The Christmas Story Challenges Our Prejudices Part 2

Rodger Woodworth

I wrote in my last post that Matthew’s gospel account of Jesus’ birth uses a literary device of contrasting characters – the faith seeking Magi in contrast to the faith rejecting Herod.  Matthew challenges our prejudice against pagan outsiders by using their idols to draw the Magi to the Christ child but he also challenges our prejudices that favor political power.

Even though he was Arab by birth , Herod had converted to Judaism and thus considered himself the King of the Jews.  But whereas the pagan outsiders act like God’s people, seeking and worshipping, the King of God’s people acts like the pagan King of Egypt, rebelling and killing. (Exodus 1:16).  When the Magi inquired about the location of the new born King, Herod began to realize that if Jesus was the new born King, then he was the dethroned king.  Even as he instructs the wise men to go to Bethlehem in search of the child, Herod can’t bring himself to call Jesus the King.  The Magi thought differently however and after encountering King Jesus they resist Herod’s bidding to return, going home another way.

Author and professor Craig Keener writes, “When we side with the political powerful to seek human help against common foes, we could actually find ourselves fighting God’s agenda.”  Jesus came to serve the most vulnerable amongst us while depending solely on His heavenly Father.  When “Bethlehem” was read in his hearing, Herod was given the opportunity to seek the new born King in His most embryonic form but he not only rejected it he sought to murder it. As we face the great challenges of our day, both personally and as a nation, which King will we look to for our help?  This season of the year is a good time to renew our decision to go to Bethlehem,  worship the new born King and go home a different way.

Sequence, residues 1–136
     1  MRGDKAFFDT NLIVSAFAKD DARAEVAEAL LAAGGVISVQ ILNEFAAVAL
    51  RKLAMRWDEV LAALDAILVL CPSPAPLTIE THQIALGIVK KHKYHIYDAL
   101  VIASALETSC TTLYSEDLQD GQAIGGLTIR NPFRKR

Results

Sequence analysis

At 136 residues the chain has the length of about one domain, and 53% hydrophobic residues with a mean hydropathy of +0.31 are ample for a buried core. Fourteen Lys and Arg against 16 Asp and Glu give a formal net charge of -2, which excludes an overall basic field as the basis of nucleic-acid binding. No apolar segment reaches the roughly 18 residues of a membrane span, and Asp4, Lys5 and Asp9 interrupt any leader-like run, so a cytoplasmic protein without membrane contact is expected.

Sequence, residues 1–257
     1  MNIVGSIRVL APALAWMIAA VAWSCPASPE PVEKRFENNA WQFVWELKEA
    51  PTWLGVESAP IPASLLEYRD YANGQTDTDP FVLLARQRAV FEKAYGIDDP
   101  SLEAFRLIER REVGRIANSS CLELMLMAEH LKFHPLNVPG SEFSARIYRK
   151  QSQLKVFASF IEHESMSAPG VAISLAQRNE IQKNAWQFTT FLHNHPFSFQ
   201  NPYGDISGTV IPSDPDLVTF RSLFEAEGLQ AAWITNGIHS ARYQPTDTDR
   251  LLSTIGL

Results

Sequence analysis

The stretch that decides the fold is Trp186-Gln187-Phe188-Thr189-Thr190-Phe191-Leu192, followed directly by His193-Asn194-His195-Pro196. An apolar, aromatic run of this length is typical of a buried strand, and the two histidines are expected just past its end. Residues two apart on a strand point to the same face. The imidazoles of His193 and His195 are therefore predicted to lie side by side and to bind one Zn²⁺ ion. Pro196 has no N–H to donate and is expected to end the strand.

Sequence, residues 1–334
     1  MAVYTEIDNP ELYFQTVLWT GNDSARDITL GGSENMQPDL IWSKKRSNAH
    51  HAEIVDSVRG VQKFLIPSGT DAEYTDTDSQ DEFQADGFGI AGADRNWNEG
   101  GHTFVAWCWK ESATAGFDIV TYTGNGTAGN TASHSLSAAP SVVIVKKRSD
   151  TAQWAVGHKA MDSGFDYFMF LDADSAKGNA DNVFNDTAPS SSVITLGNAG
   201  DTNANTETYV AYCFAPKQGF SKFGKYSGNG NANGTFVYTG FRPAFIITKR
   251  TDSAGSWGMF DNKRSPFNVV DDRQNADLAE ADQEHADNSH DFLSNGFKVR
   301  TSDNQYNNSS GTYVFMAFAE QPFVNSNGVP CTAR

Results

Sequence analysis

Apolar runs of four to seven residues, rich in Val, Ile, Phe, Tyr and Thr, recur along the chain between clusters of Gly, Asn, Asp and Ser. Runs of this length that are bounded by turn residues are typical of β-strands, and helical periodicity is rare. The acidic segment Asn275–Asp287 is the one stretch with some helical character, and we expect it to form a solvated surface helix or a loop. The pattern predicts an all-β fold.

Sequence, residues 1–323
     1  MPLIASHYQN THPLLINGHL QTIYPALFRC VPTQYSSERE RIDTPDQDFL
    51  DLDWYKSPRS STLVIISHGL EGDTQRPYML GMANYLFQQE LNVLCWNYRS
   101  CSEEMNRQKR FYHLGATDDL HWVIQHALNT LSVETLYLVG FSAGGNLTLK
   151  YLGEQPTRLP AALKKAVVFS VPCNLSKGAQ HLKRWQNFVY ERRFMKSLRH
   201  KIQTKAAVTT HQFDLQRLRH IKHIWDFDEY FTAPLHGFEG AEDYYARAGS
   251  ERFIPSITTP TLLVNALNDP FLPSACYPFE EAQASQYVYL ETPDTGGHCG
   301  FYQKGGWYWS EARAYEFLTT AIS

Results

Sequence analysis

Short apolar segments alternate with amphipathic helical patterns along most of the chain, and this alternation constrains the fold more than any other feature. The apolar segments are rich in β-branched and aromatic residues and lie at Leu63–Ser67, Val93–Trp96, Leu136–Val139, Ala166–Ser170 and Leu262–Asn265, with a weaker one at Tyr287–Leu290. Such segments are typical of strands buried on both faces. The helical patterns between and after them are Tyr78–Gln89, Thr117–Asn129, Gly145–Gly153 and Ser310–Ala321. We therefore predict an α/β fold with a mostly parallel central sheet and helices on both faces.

2 Responses to “The Christmas Story Challenges Our Prejudices Part 2”

  • Jim Says:

    Thank you! One small correction. Herod was a Jewish king. His family converted to Judiasm for political purposes though they originally Iduemites–from Edom (Esau’s lineage). I love the movie, “The Nativity.” It has a scene where Herod brings a huge bull to give to the priests to sacrifice in the Temple. Herod bought influence and power with Rome and with the Jewish leaders. The scene is contrasted with Jesus’ humble beginnings. The later Herod remember was chastised by John the Baptist for the “unlawful” behavior of marrying his brother’s wife. He was obligated under the covenant to follow the law and John was pointing that out.

  • Rodger Woodworth Says:

    Thanks Jim – I should have been more precise. I wanted my point to be that Herod was ethnically not a Jew – he was actually an Arab. He believed he was King of the Jews because he had converted for political reasons.

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